[Tkinter-discuss] Hooking into custom Tcl/Tk Widgets from Tkinter (vis)

David King dking at nrao.edu
Fri May 13 17:15:44 CEST 2005


Thank you, Jeff, for your suggested code to send Tkinter's interpreter 
pointer into C++; along with Mr. Lundh's advice, you are helping me to piece 
together what I need to make my custom C++/Tk widget available in Tkinter.

I still would like to hear from someone on how I'd invoke creation of my new 
custom widget and send it commands from python.  The C++ code registers 
callbacks for both these sorts of things with the Tcl interpreter, so that 
they become available as _Tcl/Tk_ commands.  But how can such commands be 
sent from python to Tkinter's Tcl/Tk interpreter?

------


At the risk of putting too many questions in one email, I'll also mention 
the other main problem I'm wrestling with.  I need to understand the 
'interactive' aspects of Tkinter--i.e., how _both_ the Tkinter gui(s) and 
python's sommand-line interpreter can remain 'live' at the same time, each 
responding to its own type of input.  I need my user to ba able to send 
commands to my widget via python commands as well as via gui input.  I know 
that matplotlib (esp. on top of Tkinter, and operated from the IPython 
shell) manages to do this, and the matplotlib folks seem to think Tkinter 
even has advantages over other widgetsets such as GTK for interactive use. 
In the most elementary Tkinter examples I run, however, I must give up all 
further python input when I enter tk.mainloop().

IPython/matplotlib give hints that perhaps they manage the trick by creating 
a second thread for the Tkinter loop to run in.  That may be an ok solution, 
if I can truly understand where/how the one-thread-at-a-time-only locks need 
to be used (apparently both the python and Tcl interpreters each need such 
exclusivity; my widget library code will certainly need it as well).

Alternatively,... is there perhaps another way of merging the console and 
gui-event input streams, _without_ using more than one process/thread?

All suggestions welcome.  (Is there a 'bible' that lays all this out?  I'm 
willing to spring for the book if necessary).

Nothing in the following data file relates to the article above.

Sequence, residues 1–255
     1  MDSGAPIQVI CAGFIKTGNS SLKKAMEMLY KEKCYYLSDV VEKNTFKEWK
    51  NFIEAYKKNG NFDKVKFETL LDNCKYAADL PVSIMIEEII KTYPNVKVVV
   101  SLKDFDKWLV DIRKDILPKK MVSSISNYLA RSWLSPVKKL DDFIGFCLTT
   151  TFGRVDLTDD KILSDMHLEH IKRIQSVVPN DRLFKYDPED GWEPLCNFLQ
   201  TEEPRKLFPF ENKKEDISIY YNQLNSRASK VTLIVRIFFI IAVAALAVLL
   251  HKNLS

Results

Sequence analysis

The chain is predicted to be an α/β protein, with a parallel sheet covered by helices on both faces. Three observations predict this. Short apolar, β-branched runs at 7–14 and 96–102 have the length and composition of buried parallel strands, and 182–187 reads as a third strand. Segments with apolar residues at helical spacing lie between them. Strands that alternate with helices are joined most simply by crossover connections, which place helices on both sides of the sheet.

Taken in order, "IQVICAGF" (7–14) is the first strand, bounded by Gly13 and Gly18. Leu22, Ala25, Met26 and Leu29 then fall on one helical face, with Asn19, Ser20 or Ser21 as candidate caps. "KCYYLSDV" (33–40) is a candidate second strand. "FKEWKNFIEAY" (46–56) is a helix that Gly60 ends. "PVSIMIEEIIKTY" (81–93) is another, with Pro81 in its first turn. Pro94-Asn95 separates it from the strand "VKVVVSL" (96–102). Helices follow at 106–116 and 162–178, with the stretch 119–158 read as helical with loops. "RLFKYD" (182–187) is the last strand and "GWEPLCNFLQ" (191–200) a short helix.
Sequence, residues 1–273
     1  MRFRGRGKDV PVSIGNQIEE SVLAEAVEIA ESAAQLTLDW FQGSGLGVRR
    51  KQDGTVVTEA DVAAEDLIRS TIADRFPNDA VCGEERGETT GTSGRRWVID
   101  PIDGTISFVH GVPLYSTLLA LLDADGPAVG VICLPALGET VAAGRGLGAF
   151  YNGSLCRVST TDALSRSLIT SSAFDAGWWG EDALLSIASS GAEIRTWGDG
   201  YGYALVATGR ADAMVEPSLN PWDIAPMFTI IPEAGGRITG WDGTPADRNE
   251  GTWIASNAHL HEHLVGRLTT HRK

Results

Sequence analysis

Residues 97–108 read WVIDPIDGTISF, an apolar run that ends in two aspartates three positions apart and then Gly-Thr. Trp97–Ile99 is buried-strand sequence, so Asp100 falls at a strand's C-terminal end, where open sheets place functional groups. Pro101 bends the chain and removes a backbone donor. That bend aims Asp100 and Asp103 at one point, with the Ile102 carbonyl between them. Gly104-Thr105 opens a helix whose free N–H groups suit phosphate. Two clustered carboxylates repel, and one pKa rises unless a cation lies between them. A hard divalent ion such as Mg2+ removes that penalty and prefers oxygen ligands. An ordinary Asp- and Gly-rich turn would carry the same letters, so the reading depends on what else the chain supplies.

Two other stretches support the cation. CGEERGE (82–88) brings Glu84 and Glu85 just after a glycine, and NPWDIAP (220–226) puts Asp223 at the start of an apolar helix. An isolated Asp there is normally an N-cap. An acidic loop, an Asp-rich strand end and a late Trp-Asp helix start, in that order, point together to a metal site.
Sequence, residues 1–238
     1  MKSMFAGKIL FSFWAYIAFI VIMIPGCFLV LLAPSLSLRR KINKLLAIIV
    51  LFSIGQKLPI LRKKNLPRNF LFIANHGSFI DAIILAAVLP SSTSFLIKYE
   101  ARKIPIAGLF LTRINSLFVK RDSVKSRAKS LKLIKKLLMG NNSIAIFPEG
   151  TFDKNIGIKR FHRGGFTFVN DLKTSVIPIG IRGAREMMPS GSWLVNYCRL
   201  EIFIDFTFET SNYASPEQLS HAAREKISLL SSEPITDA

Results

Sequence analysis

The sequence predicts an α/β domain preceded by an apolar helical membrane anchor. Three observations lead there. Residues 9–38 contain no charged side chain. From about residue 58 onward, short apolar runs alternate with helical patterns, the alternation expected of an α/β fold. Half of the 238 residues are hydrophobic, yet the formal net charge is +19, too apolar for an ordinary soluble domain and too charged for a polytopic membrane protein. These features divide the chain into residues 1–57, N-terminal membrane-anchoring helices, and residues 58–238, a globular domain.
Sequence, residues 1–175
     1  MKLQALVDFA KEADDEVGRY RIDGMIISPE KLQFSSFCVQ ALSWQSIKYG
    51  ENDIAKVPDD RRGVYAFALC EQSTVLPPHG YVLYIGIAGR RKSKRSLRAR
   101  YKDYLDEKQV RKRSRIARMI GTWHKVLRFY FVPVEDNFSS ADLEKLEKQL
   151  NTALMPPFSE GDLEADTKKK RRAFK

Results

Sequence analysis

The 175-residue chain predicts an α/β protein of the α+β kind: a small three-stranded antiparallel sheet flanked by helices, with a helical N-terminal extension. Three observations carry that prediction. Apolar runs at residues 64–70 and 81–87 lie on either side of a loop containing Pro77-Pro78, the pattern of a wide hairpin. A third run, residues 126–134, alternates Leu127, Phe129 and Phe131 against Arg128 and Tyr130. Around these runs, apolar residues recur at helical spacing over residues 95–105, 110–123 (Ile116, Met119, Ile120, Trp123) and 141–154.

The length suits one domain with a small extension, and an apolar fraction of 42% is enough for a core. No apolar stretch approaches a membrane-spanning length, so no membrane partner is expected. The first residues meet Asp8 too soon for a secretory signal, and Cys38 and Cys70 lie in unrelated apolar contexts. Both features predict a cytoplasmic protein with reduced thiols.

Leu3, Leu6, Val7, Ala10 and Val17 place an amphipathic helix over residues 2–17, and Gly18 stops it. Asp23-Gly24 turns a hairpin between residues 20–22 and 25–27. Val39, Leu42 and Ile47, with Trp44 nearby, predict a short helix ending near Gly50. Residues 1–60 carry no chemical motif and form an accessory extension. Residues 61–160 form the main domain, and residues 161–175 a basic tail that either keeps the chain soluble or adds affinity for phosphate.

David King




Jeff Epler wrote:
> On Fri, Apr 29, 2005 at 11:01:15AM -0600, David King wrote:
> 
>>But let's leave WCK aside and just talk about plain Tkinter for the moment. 
>> I'd like to understand how my custom C++/Tk widget could make itself known 
>>in the usual Tkinter world.  On the C++ side, essentially all my Tcl/Tk API 
>>calls interact with a tcl interpreter handle ('Tcl_Interp*').  Presumably I 
>>need to get the one Tkinter uses, instead of creating an interpreter myself 
>>(and also to let Tkinter handle the event loop, rather than doing _that_ 
>>myself).  I'm wondering how I get this handle from Tkinter.
> 
> 
> Here is some "C" code that I have used for this purpose.
> 
> // this code is in the public domain
> static Tcl_Interp *get_interpreter(PyObject *tkapp) {
>     long interpaddr;
>     PyObject *interpaddrobj = PyObject_CallMethod(tkapp, "interpaddr", NULL);
>     if(interpaddrobj == NULL) { return NULL; }
>     interpaddr = PyInt_AsLong(interpaddrobj);
>     Py_DECREF(interpaddrobj);
>     if(interpaddr == -1) { return NULL; }
>     return (Tcl_Interp*)interpaddr;
> }
> 
> 'PyObject *tkapp' is the thing returned by _tkinter.create(), and available as
> the 'tk' attribute on all Tkinter widgets.
> 
> This is not foolproof, because passing in an object like
>     class K:
>         interpaddr = 0 
> will soon lead to a crash.  But if you can trust the calling code to only pass in
> "real" interpreters, it should work just fine.
> 
> Jeff


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